I can not successfully setup SSL certificate using the letsencrypt tool (provided in my case with the NextCloudPi installation on a RaspberryPi). Are there alternatives to using letsencrypt? And how can I use them in the situation described below?
Within my home network, I have several RaspberryPi-Servers (currently, 18 devices). One of them, let’s call it RPi1, I use for our private home NextCloud service. I seamlessly setup an SSL certificate using the letsencrypt tool provided by the installation image.
Now, I want to use another server, RPi2, as a NextCloud server from within the same home network. From the internet, I registered a new NoIp domain name which results in the identical same IP address of my home router. So, the only way to tell which domain name is being targeted by a user is by using a different port number. My home router provides a port forwarding feature. As ports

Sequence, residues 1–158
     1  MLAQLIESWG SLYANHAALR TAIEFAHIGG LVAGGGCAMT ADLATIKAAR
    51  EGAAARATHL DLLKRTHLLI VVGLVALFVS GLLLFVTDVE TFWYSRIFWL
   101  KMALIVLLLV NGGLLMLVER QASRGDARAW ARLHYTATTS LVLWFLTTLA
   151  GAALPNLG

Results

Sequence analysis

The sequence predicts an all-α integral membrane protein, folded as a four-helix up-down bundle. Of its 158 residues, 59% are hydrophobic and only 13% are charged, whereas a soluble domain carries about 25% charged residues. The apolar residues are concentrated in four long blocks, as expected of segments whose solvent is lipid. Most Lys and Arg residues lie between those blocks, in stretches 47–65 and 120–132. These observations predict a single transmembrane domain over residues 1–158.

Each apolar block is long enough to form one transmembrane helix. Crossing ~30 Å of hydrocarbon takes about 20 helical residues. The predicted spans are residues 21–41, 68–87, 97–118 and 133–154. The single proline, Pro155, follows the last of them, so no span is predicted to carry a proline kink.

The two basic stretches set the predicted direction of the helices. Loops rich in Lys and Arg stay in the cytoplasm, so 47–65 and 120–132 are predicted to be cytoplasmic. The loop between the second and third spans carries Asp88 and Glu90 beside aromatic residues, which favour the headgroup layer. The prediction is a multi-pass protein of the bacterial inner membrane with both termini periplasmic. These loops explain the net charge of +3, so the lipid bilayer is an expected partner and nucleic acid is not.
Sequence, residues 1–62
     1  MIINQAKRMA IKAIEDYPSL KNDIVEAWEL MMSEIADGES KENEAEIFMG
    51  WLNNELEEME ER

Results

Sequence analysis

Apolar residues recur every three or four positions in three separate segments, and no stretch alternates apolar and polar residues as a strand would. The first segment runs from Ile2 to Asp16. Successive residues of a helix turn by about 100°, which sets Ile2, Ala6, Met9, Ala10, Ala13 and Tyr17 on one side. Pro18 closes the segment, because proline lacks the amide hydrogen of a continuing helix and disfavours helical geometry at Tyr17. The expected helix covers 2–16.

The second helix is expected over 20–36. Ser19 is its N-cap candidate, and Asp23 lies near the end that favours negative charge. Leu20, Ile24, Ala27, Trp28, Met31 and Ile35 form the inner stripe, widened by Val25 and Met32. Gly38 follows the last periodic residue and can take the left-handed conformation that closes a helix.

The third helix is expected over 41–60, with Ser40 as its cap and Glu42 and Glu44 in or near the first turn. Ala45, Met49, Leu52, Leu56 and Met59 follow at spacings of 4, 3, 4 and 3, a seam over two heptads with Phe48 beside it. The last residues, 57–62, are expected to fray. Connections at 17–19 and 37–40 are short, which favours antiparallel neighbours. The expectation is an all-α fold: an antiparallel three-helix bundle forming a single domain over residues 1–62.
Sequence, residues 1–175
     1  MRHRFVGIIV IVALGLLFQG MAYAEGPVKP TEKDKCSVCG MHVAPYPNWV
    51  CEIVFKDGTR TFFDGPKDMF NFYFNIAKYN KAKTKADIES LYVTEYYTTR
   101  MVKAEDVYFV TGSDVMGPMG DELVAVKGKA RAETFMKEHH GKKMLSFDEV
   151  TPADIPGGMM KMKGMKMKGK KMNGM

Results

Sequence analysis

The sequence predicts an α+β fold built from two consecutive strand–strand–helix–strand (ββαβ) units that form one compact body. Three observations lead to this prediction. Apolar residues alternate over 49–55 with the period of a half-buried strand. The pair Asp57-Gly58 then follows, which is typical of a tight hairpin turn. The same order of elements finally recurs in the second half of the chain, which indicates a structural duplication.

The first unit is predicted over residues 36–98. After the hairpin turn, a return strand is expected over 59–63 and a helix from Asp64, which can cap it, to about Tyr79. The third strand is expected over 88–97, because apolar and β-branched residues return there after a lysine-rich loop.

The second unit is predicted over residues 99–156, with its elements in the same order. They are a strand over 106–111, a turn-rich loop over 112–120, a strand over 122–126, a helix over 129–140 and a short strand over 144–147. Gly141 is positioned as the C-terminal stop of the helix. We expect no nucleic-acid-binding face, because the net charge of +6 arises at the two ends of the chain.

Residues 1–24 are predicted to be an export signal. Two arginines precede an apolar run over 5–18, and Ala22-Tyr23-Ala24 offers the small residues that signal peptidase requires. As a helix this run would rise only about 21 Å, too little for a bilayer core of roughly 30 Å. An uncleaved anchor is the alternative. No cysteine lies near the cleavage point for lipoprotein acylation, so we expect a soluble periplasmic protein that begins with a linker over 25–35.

80 are already used to lead incoming packages through to port
80 on my RPi1, I now have to choose different ports on the internet side. For example, I use port
64471 to be led through to port
80 and port
64472 to be led through to port
443 of my new RPi2.
Communication from the internet already works fine concerning RPi2, so that I am now able to use the NextCloud installation on my RPi2 machine. BUT: letsencrypt fails as my internet ports
64471 for HTTP (
64472 for HTTPS (
443) do not match the standard ports atleast on the outside of my home network. When connecting from the internet to the service on my RPi2, I get the typical insecurity warning. Which I want to avoid.
Is there a way to tell letsencrypt to “ignore” or alternatively to “set” a non-matching incoming internet port for the SSL certificate to be generated correctly? Or are there maybe other tools which handle these port mismatches transparently?